Ouch! I can't do that, I don't think. What is the effect if main
never gets called?

In case there are no GUI events, I added a timeout which pumps
the loop.

How about to use Gtk.timeout_add ?

That's what I did, I just didn't want to confuse the issue with too
much code. A bigger snippet of what I'm doing follows:

  device_change = false
  Gtk.timeout_add(500) {
             return true if (@busy)
      device_change = true if checkDevice
             true
         }
         while true
             if device_change
                 processDeviceChange
                 device_change = false
             end
             puts "iteration"
             p Gtk.main_iteration
  end

If the timeout is set to 500 or more, all works well. If I set it to
250 or less, then the GUI doesn't refresh, even though "iteration" is
printed continuously.

Ok, I see what I need to do. Where I call main_iteration, I have to
continue calling it while events_pending?, before looping to check
for a device_change again. That seems to work better! I should've
realised.

The reason I'm doing all this is because I don't want the "process"
to occur in the middle of a flurry of GUI events, but at the end.

If I add an "idle" callback, I'll have the problem that it will chew
CPU. For an app that uses idle not to busy wait, should it call
main_iteration once to block before returning? What I really want is
a method that says "wait until the next event", but I can't see one
inthe documentation.

Also, I moved my Debian installation to "unstable", from "testing",
and I find I now have ruby-gnome2 version 1.13.0, yaay!

P.S.
I think gtk-demo(in Ruby-GNOME2 tar ball) scripts may be helpful.

I'll check that out, thanks.

Clifford Heath.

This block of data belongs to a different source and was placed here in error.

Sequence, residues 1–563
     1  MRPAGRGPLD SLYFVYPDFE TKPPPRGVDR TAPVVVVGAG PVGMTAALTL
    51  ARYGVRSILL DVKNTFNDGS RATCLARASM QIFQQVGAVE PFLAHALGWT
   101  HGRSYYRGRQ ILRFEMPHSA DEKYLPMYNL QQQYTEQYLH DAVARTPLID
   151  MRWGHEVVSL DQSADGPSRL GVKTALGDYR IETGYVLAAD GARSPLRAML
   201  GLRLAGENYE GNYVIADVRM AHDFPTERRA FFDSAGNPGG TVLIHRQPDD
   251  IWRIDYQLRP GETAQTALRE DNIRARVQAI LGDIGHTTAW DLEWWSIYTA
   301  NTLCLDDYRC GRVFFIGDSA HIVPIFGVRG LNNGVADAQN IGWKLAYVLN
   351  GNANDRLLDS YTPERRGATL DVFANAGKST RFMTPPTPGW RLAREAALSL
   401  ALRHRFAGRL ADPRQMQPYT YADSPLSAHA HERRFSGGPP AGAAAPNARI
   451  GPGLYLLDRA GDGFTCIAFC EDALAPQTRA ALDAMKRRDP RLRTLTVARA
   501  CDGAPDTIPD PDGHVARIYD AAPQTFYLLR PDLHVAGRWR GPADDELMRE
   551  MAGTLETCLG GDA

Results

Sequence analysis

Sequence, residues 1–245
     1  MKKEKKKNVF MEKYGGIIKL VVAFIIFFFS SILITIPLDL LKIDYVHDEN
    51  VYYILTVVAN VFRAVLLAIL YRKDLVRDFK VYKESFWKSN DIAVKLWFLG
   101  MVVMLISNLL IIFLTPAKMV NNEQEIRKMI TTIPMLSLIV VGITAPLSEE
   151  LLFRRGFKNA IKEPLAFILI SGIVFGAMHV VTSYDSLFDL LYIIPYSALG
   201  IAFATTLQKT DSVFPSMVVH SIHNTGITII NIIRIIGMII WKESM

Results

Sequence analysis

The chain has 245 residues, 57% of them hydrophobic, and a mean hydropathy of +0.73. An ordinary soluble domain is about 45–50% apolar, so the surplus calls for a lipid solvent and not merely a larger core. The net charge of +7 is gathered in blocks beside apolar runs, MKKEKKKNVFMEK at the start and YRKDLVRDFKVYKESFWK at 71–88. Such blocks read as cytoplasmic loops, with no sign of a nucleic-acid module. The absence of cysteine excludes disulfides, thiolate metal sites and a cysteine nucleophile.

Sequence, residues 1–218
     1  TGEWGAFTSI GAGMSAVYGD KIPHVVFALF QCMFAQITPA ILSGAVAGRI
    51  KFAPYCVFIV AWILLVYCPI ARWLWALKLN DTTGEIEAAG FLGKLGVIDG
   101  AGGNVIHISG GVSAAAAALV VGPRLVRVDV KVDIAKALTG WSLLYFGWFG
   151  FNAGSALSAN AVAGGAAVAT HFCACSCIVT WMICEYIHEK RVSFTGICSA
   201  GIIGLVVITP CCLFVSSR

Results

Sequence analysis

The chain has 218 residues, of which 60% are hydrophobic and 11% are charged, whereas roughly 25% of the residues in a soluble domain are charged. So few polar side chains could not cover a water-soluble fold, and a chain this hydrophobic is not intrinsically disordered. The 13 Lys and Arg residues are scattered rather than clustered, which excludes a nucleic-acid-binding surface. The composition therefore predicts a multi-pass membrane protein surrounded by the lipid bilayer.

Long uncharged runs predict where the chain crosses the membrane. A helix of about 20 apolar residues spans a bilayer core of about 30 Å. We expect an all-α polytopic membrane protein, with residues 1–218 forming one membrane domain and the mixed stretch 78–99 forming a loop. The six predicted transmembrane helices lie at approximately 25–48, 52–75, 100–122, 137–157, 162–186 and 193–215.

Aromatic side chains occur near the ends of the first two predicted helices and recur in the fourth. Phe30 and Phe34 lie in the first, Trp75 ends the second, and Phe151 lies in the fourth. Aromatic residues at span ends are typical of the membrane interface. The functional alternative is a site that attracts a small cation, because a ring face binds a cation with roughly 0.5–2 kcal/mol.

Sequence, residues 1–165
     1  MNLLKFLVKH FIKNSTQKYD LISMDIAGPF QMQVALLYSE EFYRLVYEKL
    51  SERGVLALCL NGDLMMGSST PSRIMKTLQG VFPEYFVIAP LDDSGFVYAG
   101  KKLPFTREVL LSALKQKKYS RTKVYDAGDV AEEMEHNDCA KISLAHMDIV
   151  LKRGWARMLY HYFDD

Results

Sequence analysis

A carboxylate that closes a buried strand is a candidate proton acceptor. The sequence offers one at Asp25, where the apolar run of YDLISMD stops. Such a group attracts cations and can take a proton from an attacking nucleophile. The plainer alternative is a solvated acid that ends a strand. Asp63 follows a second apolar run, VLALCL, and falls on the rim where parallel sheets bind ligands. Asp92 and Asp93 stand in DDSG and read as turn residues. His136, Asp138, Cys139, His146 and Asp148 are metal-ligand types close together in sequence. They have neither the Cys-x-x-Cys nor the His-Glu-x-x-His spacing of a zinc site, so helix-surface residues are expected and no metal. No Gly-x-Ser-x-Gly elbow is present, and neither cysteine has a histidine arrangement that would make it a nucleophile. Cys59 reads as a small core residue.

(Masao Mutoh) #5

Hi,

That's what I did, I just didn't want to confuse the issue with too
much code. A bigger snippet of what I'm doing follows:

  device_change = false
  Gtk.timeout_add(500) {
             return true if (@busy)
      device_change = true if checkDevice
             true
         }
         while true
             if device_change
                 processDeviceChange
                 device_change = false
             end
             puts "iteration"
             p Gtk.main_iteration
  end

Usually, we use Gtk.timeout_add with
Gtk.main something like as:

   Gtk.timeout_add(500) {
            return true if (@busy)
            if checkDevice
                processDeviceChange
            end
            true
        }
        Gtk.main

It's not good idea to make mainloop by yourself.
If you really need it, you need to learn GLib/GTK mainloops
seriously. Though I don't recommand it.

···

On Tue, 16 Aug 2005 08:26:15 +0900 Clifford Heath <no@spam.please.net> wrote:

--
.:% Masao Mutoh<mutoh@highway.ne.jp>

(Clifford Heath) #6

Masao Mutoh wrote:

Usually, we use Gtk.timeout_add with
Gtk.main something like as:

Ok, I considered that, but since the external input will cause
various updates to GUI objects which might not be in a stable
state, I thought it would be better to delay it, which is why
I wrote:

: The reason I'm doing all this is because I don't want the "process"
: to occur in the middle of a flurry of GUI events, but at the end.

It's not good idea to make mainloop by yourself.
If you really need it, you need to learn GLib/GTK mainloops seriously. Though I don't recommand it.

Ok, I believe you. I've built such things before. There should be
a warning like this in the documentation BTW. It'd be good if some
indication of the possible consequences was offered, too.

Thanks for your help.

Clifford Heath.